On a brisk January morning, R-MA Chairman of Leadership and Character Development Lt Col Mike Starling, USMC, Retired, R-MA Class of 1988, and three Falcon Scholars attended the unveiling of a Medal of Honor Memorial at the Martinsburg, WV, Veteran’s Administration medical center. They knew they would be attending a ceremony. They didn’t realize they would be meeting a hero.
At the age of 96, Chief Warrant Officer Herschel "Woody" Williams, USMC, Retired, still travels across the U.S. for the majority of the year as he heads the establishment of Gold Star Families Memorial Monuments, memorials that honor the families of those who have lost their lives in service to their country. Williams has headed this effort through his foundation, Hershel Woody Williams Medal of Honor Foundation, the seed of which was planted when he was a young boy at the start of WWI, delivering the Western Union telegrams to his neighbors–the ones that informed them their sons, brothers, and husbands were never coming home. He saw how quickly these families were forgotten, and determined to someday do more for them.
Even if that dedication to veterans’ families were not enough to make him a hero, Williams is also a war hero in the truest sense of the word: he is the sole surviving Marine from WWII to have received the Medal of Honor. The Medal of Honor citation on his website describes the incident:
"For conspicuous gallantry and intrepidity at the risk of his life above and beyond the call of duty as demolition sergeant serving with the 21st Marines, 3d Marine Division, in action against enemy Japanese forces on Iwo Jima, Volcano Islands, 23 February 1945. Quick to volunteer his services when our tanks were maneuvering vainly to open a lane for the infantry through the network of reinforced concrete pillboxes, buried mines, and black volcanic sands, Cpl. Williams daringly went forward alone to attempt the reduction of devastating machine gun fire from the unyielding positions. Covered only by four riflemen, he fought desperately for four hours under terrific enemy small-arms fire and repeatedly returned to his own lines to prepare demolition charges and obtain serviced flamethrowers, struggling back, frequently to the rear of hostile emplacements, to wipe out one position after another. On one occasion, he daringly mounted a pillbox to insert the nozzle of his flamethrower through the air vent, killing the occupants and silencing the gun; on another he grimly charged enemy riflemen who attempted to stop him with bayonets and destroyed them with a burst of flame from his weapon. His unyielding determination and extraordinary heroism in the face of ruthless enemy resistance were directly instrumental in neutralizing one of the most fanatically defended Japanese strong points encountered by his regiment and aided vitally in enabling his company to reach its objective. Cpl. Williams' aggressive fighting spirit and valiant devotion to duty throughout this fiercely contested action sustain and enhance the highest traditions of the U.S. Naval Service."
The R-MA Falcon Scholars were humbled and inspired by meeting a true American hero, though CWO Williams asserted during the dedication speech that he was just a regular person.
“It was humbling to see him, because he is a fairly small man, in physical stature, but has such a large heart. It's truly astounding to think that he wielded a flamethrower and overcame his disadvantage of being small (compared to some of the tall large soldiers) and pushed on, showing courage that is rarely seen,” said Jake Hannas FS’19. “While I seek to begin my time in the military, I look to Woody as a role model as someone to emulate. I was moved while listening to him talk about the bonds formed with his fellow soldiers, and it is a bond I desire to have with my fellow Airmen as I move forward.”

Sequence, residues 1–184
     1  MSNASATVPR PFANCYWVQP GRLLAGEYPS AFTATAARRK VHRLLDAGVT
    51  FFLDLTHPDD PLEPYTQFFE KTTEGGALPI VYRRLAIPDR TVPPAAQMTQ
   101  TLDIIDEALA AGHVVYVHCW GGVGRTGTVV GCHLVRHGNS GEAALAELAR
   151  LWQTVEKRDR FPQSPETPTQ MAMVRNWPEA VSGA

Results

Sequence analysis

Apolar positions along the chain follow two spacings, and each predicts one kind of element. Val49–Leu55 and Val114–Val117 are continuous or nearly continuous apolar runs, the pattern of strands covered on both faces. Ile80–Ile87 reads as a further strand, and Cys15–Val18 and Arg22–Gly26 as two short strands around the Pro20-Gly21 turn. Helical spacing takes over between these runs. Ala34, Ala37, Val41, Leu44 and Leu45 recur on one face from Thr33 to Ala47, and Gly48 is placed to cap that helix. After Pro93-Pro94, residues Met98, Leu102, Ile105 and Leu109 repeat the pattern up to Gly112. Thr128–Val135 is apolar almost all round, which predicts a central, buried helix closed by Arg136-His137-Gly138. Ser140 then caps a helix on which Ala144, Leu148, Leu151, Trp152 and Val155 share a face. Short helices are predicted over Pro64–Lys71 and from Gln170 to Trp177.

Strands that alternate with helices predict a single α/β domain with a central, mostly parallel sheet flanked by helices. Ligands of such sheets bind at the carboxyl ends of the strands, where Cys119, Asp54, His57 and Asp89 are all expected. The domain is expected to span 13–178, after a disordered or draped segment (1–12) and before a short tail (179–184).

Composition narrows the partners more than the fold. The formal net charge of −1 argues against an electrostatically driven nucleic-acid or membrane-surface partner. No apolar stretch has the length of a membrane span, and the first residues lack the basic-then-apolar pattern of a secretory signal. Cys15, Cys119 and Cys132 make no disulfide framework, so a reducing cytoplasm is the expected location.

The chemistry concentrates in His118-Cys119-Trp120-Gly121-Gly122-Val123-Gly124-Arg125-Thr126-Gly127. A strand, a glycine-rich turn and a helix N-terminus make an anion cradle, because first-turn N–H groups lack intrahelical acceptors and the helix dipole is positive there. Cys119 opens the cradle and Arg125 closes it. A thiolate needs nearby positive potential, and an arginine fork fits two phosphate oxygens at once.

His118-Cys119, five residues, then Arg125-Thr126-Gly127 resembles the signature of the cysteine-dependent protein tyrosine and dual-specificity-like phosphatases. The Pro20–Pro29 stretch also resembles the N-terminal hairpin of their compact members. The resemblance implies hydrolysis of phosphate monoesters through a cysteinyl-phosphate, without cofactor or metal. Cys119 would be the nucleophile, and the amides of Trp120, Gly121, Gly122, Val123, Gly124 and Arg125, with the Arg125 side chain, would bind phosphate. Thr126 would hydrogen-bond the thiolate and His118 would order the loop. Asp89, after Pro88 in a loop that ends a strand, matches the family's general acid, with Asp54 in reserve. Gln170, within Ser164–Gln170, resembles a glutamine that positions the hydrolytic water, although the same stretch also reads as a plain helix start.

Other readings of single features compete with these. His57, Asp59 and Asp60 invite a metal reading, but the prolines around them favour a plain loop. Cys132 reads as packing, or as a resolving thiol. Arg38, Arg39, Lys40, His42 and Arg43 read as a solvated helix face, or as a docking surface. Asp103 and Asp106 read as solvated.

“I was so thankful to have the opportunity (given to us by Col. Starling) to go out and watch the unveiling of the memorial wall,” commented James Frees FS'19. “We had no idea that there would be a Medal of Honor recipient as a guest speaker, much less have the opportunity to meet him and shake his hand. I couldn't help but smile as he was talking because he is such a wonderful man, a hero, and a great story teller. CWO Williams has such a great character and he is a true hero to our nation. I still cannot believe I had the honor of meeting him and getting a photo with him– that will always be a day to remember. My grandfather (Fred J. Fees Jr.) served in WWII and Korea but passed away when I was just over one year old. It was great to meet someone from that time who went through similar experiences as my grandfather did. Overall, it was a wonderful experience for me.”
“This was an honor because we will be the last generation to have living World War II veterans, so it is important to learn the stories from the great men that fought for our freedom in the great war, especially from a man like Mr. Williams,” said Seth Rivera FS'19. “He and many others laid down their lives, and we must give them the highest appreciation. We will always remember Mr. Williams and all Medal of Honor recipients as heroes, but Mr. Williams said in his speech that even though these men and himself did extraordinary actions beyond the call of duty, they're just regular men. Because of that, they have inspired me to join the service and carry on the tradition of having great men protecting this great nation. I will forever remember meeting Mr.Williams, and I hope our generation and future generations have people with the same fortitude as he does.”